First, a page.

Insofar as this case embodies a “race to the bottom”, it is the monopoly privilege of intellectual property which drives a wedge between workers of various classes: those inside the protected industry may enjoy leverage over those outside. To a probably substantial degree, the wages taken by the union are a derivative economic rent, extracted from the rest of the economy (i.e., the non-union employees in other industries in the local market), but coming first and foremost from the privilege granted the corporation. And it is precisely this privilege which enables a corporation like Dr. Pepper Snapple to exercise such a degree of economic power over its own workers, as to demand considerable concessions even when posting record profits.


* For brevity’s sake I will limit discussion to this one problem, although I do not doubt that you could point out several more, each of which would merit examination of its own.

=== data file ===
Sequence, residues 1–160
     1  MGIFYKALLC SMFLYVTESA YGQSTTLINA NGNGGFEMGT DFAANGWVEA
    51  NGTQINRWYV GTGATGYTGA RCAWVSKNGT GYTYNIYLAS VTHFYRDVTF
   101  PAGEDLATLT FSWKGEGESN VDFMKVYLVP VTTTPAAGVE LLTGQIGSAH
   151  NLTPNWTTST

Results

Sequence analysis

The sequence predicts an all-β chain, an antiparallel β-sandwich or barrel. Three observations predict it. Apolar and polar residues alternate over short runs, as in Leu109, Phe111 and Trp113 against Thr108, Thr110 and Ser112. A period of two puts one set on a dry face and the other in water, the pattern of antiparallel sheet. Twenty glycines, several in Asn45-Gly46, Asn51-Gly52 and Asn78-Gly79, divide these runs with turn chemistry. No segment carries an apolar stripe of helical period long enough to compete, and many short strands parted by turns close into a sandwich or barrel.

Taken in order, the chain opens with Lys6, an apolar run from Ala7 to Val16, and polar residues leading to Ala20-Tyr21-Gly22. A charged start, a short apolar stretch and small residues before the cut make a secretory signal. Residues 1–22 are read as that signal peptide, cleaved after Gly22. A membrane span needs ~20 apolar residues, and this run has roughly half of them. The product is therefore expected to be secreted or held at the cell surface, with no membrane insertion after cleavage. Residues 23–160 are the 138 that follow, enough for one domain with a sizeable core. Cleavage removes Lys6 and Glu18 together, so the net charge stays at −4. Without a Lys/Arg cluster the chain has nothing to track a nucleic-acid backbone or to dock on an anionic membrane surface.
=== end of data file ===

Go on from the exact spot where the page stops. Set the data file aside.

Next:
Proof You Are Being Exploited

July 16th, 2010

Ever wonder why we’re still working 40 hours per week? As if that’s some sort of magic equilibrium between labor/leisure that has just organically emerged over the centuries? It’s insanity, really. And evidence that we aren’t free to choose. I touched on this before, commenting that all of our productivity is wasted:

The average worker is several orders of magnitude more productive than he might’ve been a half-century hence… We’ve got more more people doing more jobs, producing more things and still we’re working 40 or 50 or 60 hours a week.

And this doesn’t strike anybody as being just a little bit insane?